ClassroomRSPRINGFIELD – Students with epilepsy would be better protected at school under a proposal by State Senator Julie Morrison (D-Deerfield) that passed the Senate recently.

“With a long-term risk of recurrent seizures, children with epilepsy require individuals around them to be able to effectively respond should a seizure occur,” Morrison said. “By developing a plan that lays out the unique set of health care needs of students with epilepsy, schools are ensuring they are fully prepared to both treat and manage a disorder that affects 470,000 children nationwide.”

Morrison’s proposal – contained in House Bill 1475 – creates the Seizure Smart School Act, which would require the development of a plan for students with epilepsy that includes training for employees and care aides on how to handle students with the disorder.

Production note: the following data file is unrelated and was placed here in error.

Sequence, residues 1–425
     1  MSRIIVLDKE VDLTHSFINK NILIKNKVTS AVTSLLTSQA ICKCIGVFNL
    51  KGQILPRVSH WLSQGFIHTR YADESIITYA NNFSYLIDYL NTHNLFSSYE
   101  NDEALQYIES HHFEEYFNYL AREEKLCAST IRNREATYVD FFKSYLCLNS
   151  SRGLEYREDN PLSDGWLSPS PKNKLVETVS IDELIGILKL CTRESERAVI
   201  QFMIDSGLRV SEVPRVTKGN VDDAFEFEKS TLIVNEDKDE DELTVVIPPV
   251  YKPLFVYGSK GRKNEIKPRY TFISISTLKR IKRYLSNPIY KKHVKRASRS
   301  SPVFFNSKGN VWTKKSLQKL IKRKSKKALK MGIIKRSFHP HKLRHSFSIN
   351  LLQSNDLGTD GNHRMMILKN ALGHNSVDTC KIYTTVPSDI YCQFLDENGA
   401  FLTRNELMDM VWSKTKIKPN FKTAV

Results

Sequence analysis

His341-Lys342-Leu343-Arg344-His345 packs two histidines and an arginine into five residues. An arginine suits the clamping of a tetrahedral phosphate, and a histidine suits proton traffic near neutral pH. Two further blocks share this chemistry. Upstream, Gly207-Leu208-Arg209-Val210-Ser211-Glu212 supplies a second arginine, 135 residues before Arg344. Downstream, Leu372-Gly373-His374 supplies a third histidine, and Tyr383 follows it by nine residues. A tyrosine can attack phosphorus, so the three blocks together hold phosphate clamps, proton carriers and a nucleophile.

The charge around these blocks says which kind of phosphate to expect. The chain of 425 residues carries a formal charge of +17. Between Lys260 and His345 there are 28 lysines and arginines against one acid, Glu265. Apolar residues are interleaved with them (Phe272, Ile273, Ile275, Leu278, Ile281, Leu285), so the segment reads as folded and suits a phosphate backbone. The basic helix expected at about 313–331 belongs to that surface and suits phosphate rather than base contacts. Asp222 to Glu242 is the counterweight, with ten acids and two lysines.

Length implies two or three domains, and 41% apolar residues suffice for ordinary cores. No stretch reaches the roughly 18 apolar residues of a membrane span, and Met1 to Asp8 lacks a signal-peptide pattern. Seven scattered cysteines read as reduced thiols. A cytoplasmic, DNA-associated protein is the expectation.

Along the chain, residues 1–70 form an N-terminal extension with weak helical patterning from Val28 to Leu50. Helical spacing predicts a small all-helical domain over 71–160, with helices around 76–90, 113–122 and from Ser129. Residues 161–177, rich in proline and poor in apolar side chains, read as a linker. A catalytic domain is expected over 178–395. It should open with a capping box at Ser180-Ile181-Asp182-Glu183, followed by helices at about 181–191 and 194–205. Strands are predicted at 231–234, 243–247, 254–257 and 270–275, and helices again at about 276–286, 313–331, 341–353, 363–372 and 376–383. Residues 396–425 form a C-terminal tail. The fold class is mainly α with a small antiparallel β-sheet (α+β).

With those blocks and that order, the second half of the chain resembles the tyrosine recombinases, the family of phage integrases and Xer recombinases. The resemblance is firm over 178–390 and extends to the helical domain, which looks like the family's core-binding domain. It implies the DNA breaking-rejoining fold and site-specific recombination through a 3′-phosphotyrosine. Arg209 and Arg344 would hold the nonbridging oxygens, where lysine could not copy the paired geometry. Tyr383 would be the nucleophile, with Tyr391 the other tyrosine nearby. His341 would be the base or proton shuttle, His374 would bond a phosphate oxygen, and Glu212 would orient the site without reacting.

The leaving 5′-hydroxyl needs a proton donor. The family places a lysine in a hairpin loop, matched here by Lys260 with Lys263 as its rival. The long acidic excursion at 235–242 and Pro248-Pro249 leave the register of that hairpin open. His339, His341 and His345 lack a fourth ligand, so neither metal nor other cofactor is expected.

The plan requires student’s parents or guardians to share the health care provider’s instructions on managing the student’s epilepsy and include a copy of any prescriptions and how and when to administer those medicines.

"Many people who develop epilepsy do so during their school years,” said Bryan Anderson, President and CEO of the Epilepsy Foundation of Greater Chicago. "It is important for school personnel to know how to recognize a seizure and how to appropriately respond should it happen in a school setting. Enactment of this legislation can save lives.”

House Bill 1475 passed the Senate without opposition on May 16 and will now head to the governor’s office for his approval.

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